McCarthys end 40 years of celebrations
Bea McCarthy tries on her AOH hat in living room of her home in Anaconda. Bea started playing the bag pipes some years ago and enjoys the challenge of trying to master the instrument.

ANACONDA — A popular Anaconda tradition will end this year as Ed and Bea McCarthy prepare for their 40th — and final — St. Patrick's Day open house.

It's a bittersweet conclusion to decades of celebrating the family's heritage and sharing their Gaelic hospitality with thousands of people from Anaconda and around the state.

The couple decided in advance that number 40 would be the last.

"It's just changed with each year," Bea said. "We were just lucky to be able to do it as long as we have." But it's not the luck of the Irish that's made the McCarthy's bashes so successful. The secret is in planning ahead and hard work.

Often, Ed starts a strategy for the next year's gathering the day after the party, and details are ironed out with each passing month.

Bea begins baking round tiers for several wedding-style cakes in February, and stashes them in her freezer. Later, their friend, retired baker Art Hirsch, decorates them in green and white.

The elaborate cakes are served to party guests and distributed by volunteers to shut-ins at the nursing home on the day of the party.

It takes a lot of helpers to pull off the event that's grown from a casual Irish coffee clatch to mammoth proportions, including a brigade of kitchen helpers, a half dozen bartenders and a dedicated clean up crew.

"Believe me, we've gotten a lot of help from a lot of people," Ed said. "There's a lot of work that goes into it … and we enjoy it." Ed said the party got its start back in 1965, after the regular St. Paddy's Day shindig at the AOH Hall. When the party wound down around dinnertime, Ed invited folks home for more camaraderie.

"We were shooting the bull, as they say," Ed remembered. "The thing was starting to break loose and I said, ‘Come on up to the house. We'll have a little toddy for the body.'" The old timers — Pete McNally, Pat Murray, Walter Dooley, Mike Lacey and others — left the hall for more celebrating and visiting at the McCarthy's home.

The next year, around 20 to 25 friends followed Ed and Bea to their place.

"Those were some of the great years," Ed said. "There was a whole gang of them. That's how it started out, and it got bigger and bigger." Later, the crowd swelled to 500 or more.

"It's been interesting, over the years, the different people that have shown up," Bea said. Friends — and friends of friends — find warmth and welcoming. Many of those have brought gifts of Irish mementos for the couple.

The result is an extensive collection of Leprechauns, shamrocks, and other memorabilia that decorate the home all year long, not just for St. Patrick's Day, as a reminder of good times and enduring friendships.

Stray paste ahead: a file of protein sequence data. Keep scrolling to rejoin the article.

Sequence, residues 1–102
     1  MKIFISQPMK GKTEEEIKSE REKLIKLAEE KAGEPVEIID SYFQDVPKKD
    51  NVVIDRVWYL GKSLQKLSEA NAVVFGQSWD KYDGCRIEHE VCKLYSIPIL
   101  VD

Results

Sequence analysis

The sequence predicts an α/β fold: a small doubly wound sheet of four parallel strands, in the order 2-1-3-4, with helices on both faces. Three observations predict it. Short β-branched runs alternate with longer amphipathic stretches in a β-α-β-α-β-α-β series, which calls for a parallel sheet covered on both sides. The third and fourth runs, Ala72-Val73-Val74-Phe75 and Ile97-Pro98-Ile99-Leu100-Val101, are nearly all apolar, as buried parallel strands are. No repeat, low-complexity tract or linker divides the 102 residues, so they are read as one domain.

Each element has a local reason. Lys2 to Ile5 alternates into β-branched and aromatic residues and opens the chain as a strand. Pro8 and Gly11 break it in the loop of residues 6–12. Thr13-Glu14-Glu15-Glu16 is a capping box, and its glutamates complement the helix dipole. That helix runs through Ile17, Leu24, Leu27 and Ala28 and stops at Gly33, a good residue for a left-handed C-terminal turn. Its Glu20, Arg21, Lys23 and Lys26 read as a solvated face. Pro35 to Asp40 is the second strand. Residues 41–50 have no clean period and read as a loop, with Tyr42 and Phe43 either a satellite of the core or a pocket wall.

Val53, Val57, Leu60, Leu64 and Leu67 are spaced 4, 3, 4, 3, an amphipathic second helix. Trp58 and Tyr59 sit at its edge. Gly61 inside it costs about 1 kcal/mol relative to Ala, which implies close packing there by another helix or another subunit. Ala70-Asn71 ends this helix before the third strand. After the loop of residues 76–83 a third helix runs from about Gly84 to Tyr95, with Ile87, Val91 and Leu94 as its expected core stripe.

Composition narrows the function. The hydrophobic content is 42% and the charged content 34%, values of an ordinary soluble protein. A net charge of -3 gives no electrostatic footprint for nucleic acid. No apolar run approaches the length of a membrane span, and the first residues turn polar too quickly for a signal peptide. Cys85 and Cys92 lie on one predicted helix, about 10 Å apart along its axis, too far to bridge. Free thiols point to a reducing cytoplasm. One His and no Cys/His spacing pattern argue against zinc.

"They stay up, because of the people that gave them to us," Bea said.

The couple has plenty of friends, Irish and otherwise, with Ed's 40-plus years as a mail carrier and retired school teacher Bea's tenure as a state Legislator and member of the state Board of Regents.

But it doesn't matter if the guests are heads of state or townsfolk — they all hold in common a love of tradition.

"When they're here, they're all really about the same," Ed said.

While Ed and Bea may miss the excitement of the annual crowd, this year's event will be a special family gathering, since the couple's children — and their families — will be able to attend.

"This is Christmas," Ed said. "All my family will be home." Bea agreed. With kids' and grandkids' hectic schedules, that hasn't always happened.

"That'll make it special," Bea said. "We haven't had that every year. It's going to be real good because we'll have them all together. It's the people that make the party." And this time next year, the couple could be visiting Ireland, if their plans work out. It will be Ed's fourth trip there and Bea's third.

Many locals say celebrating won't be the same without the McCarthy's open house to kick off festivities for St. Patrick's Day week. The gathering was traditionally held on the Sunday preceding the holiday.

Kathy Maki, president of the local Ladies' Ancient Order of Hibernians, said the family's celebration created an important connection to the town's Irish heritage.

"I was a teenager when I first started going over there," Maki said. "You always started planning St. Patrick's Day around their party. Everybody will miss it." Reporter Vera Haffey may be reached via e-mail at


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